The basic problem is that by taking sea water and producing fresh water, you are going to get a stream of fresh water, which is what you want, but you also produce a concentrated salt stream. Concerns about desalination plants also include that the intake process kills large number of aquatic life. A study of this impact in the USA from 1999 to 2000 reported a annual mortality of 55,000 invertebrates and 78,000 fish.
'Desalination plants....should only be constructed where they are found to meet a genuine need to increase water supply and are the best and least damaging method,' the WWF report said.
Gray Whales & Mexico
Some years ago, ESSA, a company backed by Mitsubishi's proposal to build a desalination plant in the primary nursery of the gray whales at Launa San Ignacio in Mexico - and the strong response - caused quite a stir. The RNDC said: "Besides putting the gray whale at risk - just a few years after its recovery from near-extinction - the factory also threatens numerous rare and endangered species in the surrounding International Biosphere Reserve."
Big mammals are often the lifeform that we humans can most readily relate to. However, the whales are probably the last species to be impacted by a desalination plant. The plant at San Ignazio showed 6000 gallons a second being pumped into 116 square miles of evaporation ponds. How many fish eggs, brine shrimp and other small life is sucked into this process and destoyed along the way? This endangers the balance of life in the area, and the local fishing industry.
Prior to San Ignacio, there was already a salt factory at Guerrero Negro, another calving lagoon. There are only 3 gray whales calving lagoons in total. At Guerrero Negro, a spill of toxic brine wastes caused the death of 94 endangered black sea turtles in December 1997. Scientists later observed another spill of more than 4 million gallons resulting in large fish kills.
But a story in Outside magazine in July 1999 reported that ESSA says when they started making salt there in the late 1950's, there were 250 gray whales migrating there. By 1999 there were over 1700. So the answer may be more elusive than obvious. During those years the whale was on the endangered list. That meant they were being protected elsewhere around the world at that time.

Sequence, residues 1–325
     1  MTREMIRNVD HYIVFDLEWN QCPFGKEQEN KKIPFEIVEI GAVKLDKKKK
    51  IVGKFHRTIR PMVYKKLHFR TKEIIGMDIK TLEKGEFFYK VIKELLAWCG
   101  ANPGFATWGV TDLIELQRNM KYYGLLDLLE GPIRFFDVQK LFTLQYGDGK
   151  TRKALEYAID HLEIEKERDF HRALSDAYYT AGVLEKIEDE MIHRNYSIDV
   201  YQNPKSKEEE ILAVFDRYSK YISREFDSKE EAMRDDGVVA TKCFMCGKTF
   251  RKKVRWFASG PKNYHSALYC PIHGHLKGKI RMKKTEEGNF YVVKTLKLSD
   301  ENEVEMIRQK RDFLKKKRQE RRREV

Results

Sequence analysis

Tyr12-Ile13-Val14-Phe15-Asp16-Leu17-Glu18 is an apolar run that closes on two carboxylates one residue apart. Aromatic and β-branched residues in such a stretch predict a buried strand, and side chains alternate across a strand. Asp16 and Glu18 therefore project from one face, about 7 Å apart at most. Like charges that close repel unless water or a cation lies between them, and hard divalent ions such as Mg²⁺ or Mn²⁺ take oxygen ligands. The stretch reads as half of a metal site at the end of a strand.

However, the campaign led by the NRDC, supported by fisherman, scientists, environmentalists and citizens led to Mitsubishi and the Mexican government abandoning their plans to build a desalination plant in this last undisturbed gray whale nursery and migratory bird refuge.
A reader writes:
"Talk about having the wrong end of the stick! Both the examples you use of "desalination plants in this last undisturbed gray whale nursery . . ." are actually salt evaporation projects (one planned in San Ignacio and canceled), the other very much in production in Guerrero Negro.
Evaporation produces salt - solid industrial salt, which is the purpose of the plant. Using these two examples as a result of the evils of desal for water production is ridiculous."
We're not sure what in the article this statement actual contradicts. We did note that one plant had been in operation and another plan was abandoned. But the key point, clearly made in both parts 1 and 2 of this article, is that we should be thoughtful about where we adopt desalination, and that we need to address ecological impacts.
continued in the next Waterfall..........
Click on Desalination Two.